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NM2701 - Writing for Stage and Screen

Credit points: 3
Year: 2012
Student Contribution Band: Band 1
Administered by: School of Creative Arts

Available to All Students

This subject introduces the student to the specifics of writing for the performance space and provides students with an understanding of live performance writing. Students participate in a series of writing exercises that lead to the creation of short scenes that typify a range of performance situations. Studies scrutinise the use of sound and image in the making of performance text and analyse the role of dramaturgy in giving shape to non-linear and linear narrative. Students will work in ensemble groups as writer, director and/or performer to present performed readings in-house.

Learning Outcomes

  • develop fundamental skills in writing for performance;
  • develop an understanding of the dimensions of stagecraft and theatricalisation for performance developing a personal methodology for performance writing;
  • apply fundamental techniques learned towards the realisation of a performance text;
  • develop an understanding of the reciprocal roles of playwright, performer, director, designer and audience within an historical/contemporary context.

Graduate Qualities

  • The ability to adapt knowledge to new situations;
  • The ability to think critically, to analyse and evaluate claims, evidence and arguments, and to reason and deploy evidence clearly and logically;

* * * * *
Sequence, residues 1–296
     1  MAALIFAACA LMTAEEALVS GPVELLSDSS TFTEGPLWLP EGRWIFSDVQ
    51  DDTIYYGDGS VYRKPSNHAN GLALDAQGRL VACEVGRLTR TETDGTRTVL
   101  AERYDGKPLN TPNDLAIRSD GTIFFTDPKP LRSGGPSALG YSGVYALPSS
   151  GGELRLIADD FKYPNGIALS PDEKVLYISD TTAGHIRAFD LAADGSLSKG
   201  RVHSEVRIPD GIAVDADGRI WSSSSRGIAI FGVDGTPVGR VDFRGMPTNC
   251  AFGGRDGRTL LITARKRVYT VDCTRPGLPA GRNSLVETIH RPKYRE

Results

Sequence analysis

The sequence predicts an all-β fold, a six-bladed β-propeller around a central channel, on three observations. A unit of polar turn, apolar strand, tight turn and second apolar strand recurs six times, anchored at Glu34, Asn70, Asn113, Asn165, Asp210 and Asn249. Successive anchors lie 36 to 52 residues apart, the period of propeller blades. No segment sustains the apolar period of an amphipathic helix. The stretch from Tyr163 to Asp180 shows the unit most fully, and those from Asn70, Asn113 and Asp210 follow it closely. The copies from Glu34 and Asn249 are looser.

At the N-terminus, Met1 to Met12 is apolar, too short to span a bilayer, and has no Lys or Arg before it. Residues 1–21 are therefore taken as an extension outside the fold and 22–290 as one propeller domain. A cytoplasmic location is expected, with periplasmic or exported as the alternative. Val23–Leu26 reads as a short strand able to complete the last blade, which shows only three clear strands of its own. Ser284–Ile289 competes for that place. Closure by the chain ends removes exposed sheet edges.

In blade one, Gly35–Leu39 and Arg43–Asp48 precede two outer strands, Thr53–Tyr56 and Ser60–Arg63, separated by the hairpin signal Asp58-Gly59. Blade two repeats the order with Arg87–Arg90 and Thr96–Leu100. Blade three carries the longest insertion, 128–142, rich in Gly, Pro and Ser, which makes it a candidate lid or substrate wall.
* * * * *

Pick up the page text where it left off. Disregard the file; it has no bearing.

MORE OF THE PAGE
• The ability to deploy critically evaluated information to practical ends;
  • The ability to find and access information using appropriate media and technologies;
  • The ability to evaluate that information;
  • The ability to select and organise information and to communicate it accurately, cogently, coherently, creatively and ethically;
  • The ability to reflect on and evaluate learning, and to learn independently in a self directed manner;
  • The ability to speak and write clearly, coherently and creatively;
  • The ability to communicate effectively with a range of audiences;
  • The ability to lead, manage and contribute effectively to teams;
  • The ability to work individually and independently;
  • The ability to select and use appropriate tools and technologies;
  • The ability to use online technologies effectively and ethically.

Availabilities

Townsville, Study Period 2, Internal
Census Date 23-Aug-2012
Workload expectations:
  • 13 hours lectures
  • 26 hours workshops/Seminars
Assessment: presentations (20%); one writing project (40%); performance reading (20%); writing exercises (20%).

Note: Minor variations might occur due to the continuous Subject quality improvement process, and in case of minor variation(s) in assessment details, the Subject Outline represents the latest official information.